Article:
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Tools for Developers

Visual studio

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Tools for Developers

Visual Studio 2005 Team System provides many new tools specifically for developers, primarily in the areas of source-code control, class designing, and unit testing.

Source Control Explorer

When working on projects under source control, the Source Control Explorer window is very important. It shows all the projects under source control on the Team Foundation Server, based on permission settings. (See Figure 3-7). Source Control Explorer has many context menus, which are available with a right-click, as well as a useful toolbar that repeats all the options found by right-clicking.




Figure 3-7

Source Control Explorer

Class Designer

The new Class Designer is another example of a Domain-Specific Language. The Class Designer is part of Visual Studio 2005 Professional, but it also very interregnal to VSTS.

One of the last steps that a solution architect performs is to implement one or more of the ASP.NET Web services. When implemented, Visual Studio 2005 will create new ASP.NET Web Service projects and prepare the class up to the point of implementation.

The Class Designer is a graphical environment, where each class is represented by a rectangular shape. Any properties, methods, fields, and events will be listed on the shape. (See Figure 3-8.) Users can expand and collapse the member list, depending on the real-estate constraints. Users can right-click on the shape and add new members, or can work directly in the Class Details window, which allows the management of all class members in one easy-to-use grid.

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Figure 3-8

The Class Designer

The best part about the Class Designer is that it is tightly coupled with the source code file behind it. In other words, if a file is named Class1.cs and its class diagram is in ClassDiagram1.cd, they will always be in sync. Changes to one file are instantly seen in the other, and vice versa. There is no reverse or round-trip engineering steps required—another advantage of a Domain-Specific Language tool.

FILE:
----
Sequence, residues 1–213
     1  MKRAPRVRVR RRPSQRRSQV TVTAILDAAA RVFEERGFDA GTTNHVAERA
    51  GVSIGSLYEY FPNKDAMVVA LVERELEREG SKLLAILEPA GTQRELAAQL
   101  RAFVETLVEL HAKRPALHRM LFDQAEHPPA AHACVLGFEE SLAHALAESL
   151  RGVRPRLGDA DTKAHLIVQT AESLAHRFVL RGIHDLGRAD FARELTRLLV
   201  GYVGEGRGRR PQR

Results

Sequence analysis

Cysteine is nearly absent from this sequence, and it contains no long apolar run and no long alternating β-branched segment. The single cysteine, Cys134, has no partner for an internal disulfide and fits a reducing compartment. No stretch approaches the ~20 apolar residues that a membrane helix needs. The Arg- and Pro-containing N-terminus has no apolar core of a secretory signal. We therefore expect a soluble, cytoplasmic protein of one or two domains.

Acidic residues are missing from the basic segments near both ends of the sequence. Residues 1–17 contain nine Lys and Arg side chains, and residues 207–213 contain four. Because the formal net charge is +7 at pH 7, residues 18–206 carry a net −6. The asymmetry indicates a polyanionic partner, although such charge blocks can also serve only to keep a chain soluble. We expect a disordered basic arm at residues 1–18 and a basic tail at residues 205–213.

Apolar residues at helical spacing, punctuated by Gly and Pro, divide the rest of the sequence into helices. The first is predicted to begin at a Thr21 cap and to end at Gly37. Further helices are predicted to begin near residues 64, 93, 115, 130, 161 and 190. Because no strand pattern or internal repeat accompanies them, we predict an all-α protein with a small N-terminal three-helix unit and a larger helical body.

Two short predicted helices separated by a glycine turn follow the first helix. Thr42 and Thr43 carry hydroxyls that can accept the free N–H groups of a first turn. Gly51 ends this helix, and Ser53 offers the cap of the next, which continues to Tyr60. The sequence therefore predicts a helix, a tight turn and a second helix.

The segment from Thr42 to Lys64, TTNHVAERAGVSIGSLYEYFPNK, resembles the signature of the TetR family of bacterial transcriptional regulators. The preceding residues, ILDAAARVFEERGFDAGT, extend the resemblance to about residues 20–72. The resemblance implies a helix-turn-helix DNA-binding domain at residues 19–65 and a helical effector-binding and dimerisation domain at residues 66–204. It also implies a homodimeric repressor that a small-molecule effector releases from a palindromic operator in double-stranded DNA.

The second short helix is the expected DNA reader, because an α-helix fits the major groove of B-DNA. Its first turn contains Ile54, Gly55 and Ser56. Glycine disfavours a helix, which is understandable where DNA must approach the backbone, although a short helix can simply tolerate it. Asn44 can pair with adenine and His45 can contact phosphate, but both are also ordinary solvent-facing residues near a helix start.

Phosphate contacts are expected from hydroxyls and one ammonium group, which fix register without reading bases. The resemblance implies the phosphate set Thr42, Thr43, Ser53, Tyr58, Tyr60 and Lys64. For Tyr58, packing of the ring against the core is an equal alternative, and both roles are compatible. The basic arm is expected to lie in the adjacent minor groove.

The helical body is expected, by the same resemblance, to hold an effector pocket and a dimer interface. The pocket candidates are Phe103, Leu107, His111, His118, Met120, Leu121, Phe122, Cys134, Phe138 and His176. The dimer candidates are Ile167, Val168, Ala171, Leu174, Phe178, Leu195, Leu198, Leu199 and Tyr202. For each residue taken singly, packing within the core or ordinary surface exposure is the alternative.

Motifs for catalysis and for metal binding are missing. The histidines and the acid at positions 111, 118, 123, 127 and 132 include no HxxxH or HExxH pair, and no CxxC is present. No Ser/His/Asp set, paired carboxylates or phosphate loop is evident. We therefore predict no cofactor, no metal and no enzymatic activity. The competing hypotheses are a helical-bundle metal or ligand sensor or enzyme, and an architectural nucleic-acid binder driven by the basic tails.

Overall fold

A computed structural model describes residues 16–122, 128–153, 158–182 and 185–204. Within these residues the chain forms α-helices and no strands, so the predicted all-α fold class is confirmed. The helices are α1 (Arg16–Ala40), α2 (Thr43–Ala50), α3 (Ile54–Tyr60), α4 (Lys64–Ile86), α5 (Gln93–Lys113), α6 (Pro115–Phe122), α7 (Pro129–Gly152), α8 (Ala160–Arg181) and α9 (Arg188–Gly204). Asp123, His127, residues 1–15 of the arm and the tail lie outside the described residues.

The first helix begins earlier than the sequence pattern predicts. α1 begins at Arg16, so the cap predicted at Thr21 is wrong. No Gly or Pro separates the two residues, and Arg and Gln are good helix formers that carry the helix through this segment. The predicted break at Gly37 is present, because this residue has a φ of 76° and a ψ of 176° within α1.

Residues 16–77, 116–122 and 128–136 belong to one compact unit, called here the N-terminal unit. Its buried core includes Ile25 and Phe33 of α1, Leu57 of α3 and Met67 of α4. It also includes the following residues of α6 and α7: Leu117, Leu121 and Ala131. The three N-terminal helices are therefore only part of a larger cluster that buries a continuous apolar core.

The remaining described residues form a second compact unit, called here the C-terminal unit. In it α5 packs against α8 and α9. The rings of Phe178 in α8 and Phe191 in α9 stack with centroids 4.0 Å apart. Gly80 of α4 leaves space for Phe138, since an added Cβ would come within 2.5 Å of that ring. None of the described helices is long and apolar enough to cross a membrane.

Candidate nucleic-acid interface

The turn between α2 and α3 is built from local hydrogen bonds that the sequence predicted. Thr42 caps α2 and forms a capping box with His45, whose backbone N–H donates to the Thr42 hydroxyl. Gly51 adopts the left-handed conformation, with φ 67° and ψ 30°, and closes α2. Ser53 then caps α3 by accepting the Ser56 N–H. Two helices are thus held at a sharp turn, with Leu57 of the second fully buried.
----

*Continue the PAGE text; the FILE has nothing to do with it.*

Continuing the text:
new1Pending Checkins

Both the Pending Checkin window, as well as the Checkin window, give a concise list of what has changed in the project during the editing session. Users can quickly see which files were checked out and which ones were added or edited. (See Figure 3-9.) If users don’t like the flat view, it can be changed to a tree view—more like the one seen in Source Control Explorer. Users can select or deselect the individual check boxes to have full control over what gets uploaded to Team Foundation Source Control.



Figure 3-9

The Pending Checkin window

A lot of the functionality of Source Control Explorer is duplicated in the Pending Checkin window. Developers can check in, shelve, or unshelve. More importantly, users can associate their check-in with comments, work items, and check-in notes. This is important, because the project manager might have made some of these items mandatory during a check-in.

Testing Tools for Developers

Whether or not developers are strictly following test-driven development, they will still need to perform unit testing and code coverage. VSTS has a large number of default tests with many applying to developers:

Unit Testing

Code that exercises the project’s methods

Code Coverage

Ensures that the unit tests cover all possible code pathways

Static Analysis (click here to view the video for Static Analysis for Unmanaged Code)

Ensures that the code follows established coding guidelines

Code Profiling

Performance based on binary instrumentation and sampling






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